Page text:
As predicted by scholars in 1998, attempts by the US to construct a functioning Afghan government have failed miserably. The result has often been instances of torture, civilian deaths, rape, and countless other atrocities. The US-backed Afghan Local Police (ALP), which is, according to Gen. (Ret.) David Patreaus, “arguably the most critical element in our effort to help Afghanistan develop the capability to secure itself,” is a particularly unsettling example of US failures in the region. At both the individual and the institutional levels, US and NATO forces have also engaged in violations of international and humanitarian law, among other inappropriate behaviors, that have often resulted in unrest and chaos. The same violent warlords of the United Front, who “amassed a deplorable record of attacks on civilians between the fall of the Najibullah regime in 1992 and the Taliban’s capture of Kabul in 1996,” have continued to receive US backing and support. Vice President Mohamed Fahim is one example of this phenomenon.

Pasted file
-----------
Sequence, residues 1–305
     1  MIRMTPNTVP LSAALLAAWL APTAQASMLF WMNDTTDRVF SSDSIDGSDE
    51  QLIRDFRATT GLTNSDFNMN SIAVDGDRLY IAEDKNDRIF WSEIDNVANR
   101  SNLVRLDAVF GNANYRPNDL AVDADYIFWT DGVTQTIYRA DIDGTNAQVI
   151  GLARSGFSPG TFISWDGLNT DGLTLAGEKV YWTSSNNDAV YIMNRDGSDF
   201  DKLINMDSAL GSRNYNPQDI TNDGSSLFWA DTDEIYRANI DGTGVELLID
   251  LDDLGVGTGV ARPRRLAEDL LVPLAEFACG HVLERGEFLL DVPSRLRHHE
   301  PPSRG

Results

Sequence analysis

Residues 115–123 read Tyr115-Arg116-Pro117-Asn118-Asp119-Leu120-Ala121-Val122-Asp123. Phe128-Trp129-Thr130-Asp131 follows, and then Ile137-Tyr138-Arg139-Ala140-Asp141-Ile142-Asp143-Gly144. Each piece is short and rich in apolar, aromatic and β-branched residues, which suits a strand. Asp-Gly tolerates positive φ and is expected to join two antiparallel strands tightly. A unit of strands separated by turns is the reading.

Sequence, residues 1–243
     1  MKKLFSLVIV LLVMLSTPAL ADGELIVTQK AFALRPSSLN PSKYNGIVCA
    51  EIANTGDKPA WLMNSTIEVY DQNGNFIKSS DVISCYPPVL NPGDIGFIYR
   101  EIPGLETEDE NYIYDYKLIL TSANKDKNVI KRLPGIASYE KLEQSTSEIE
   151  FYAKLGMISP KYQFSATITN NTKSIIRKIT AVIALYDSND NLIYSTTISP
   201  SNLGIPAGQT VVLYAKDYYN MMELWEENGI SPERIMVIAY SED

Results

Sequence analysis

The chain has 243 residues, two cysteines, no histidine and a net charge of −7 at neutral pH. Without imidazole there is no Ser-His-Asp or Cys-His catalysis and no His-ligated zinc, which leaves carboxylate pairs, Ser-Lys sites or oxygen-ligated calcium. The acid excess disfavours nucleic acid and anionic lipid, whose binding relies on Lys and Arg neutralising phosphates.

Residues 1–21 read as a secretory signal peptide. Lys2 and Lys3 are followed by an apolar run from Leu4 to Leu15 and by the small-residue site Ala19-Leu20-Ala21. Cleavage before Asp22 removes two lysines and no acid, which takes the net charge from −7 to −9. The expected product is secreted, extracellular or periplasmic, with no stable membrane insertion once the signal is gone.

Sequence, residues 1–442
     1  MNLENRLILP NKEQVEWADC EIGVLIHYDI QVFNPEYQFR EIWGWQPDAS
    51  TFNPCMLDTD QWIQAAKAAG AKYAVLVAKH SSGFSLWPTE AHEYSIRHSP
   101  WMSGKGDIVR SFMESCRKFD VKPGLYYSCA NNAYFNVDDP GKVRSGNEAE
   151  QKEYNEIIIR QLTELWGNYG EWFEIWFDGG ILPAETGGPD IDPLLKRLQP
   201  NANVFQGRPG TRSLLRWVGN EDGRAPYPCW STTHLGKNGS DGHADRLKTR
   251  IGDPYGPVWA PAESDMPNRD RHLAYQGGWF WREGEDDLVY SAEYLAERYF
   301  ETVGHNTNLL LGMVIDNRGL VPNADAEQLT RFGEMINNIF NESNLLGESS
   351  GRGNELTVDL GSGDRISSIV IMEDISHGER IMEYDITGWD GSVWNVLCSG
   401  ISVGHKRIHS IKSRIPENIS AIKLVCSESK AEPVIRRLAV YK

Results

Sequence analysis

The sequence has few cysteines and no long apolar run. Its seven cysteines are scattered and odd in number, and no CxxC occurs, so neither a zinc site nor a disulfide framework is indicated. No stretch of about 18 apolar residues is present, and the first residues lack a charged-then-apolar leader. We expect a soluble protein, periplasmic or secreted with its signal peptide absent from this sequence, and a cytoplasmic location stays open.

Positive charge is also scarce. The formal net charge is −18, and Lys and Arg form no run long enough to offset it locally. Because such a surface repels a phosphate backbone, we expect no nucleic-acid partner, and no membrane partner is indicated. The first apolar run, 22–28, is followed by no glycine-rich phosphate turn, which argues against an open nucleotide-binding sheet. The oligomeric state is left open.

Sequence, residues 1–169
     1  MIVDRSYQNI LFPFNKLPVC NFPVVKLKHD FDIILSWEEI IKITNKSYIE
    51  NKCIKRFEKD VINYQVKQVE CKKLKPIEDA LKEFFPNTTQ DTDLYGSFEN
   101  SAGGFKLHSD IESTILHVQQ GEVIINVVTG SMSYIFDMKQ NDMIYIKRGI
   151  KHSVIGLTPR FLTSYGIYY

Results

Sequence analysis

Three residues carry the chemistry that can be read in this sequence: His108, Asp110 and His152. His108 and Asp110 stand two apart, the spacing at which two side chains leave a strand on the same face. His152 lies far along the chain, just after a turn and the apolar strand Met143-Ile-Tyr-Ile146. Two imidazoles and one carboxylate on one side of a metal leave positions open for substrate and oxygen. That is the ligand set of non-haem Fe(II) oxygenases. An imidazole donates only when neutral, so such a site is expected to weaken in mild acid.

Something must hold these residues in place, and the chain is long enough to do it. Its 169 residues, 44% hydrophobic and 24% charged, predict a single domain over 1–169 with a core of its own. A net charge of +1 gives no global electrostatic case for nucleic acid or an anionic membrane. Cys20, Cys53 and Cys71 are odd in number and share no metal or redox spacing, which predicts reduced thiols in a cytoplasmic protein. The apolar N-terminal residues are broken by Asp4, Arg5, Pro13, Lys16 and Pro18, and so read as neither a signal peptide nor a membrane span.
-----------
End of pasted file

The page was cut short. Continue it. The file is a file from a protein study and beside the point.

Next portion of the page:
If Afghanistan requests foreign military or security assistance, the response should not include troops from the US or the other Great Powers. One tentative solution would be to use international peacekeeping forces to maintain stability in the region. They should operate, however, “under UN General Assembly supervision.” As Dr. Chomsky explains, this would allow the international community to avoid working through the Security Council, which should be discredited due to the overwhelming veto power given to permanent member states. Efforts to provide assistance should not be offered out of self-interest, which means that the US, along with the other major powers, should be excluded from this process. When asked about additional US-backed security forces, a senior Afghan official has already made it clear how the Afghan people feel: “The people of Afghanistan don’t want these militias,” he said. “This is what the warlords and the Americans want.”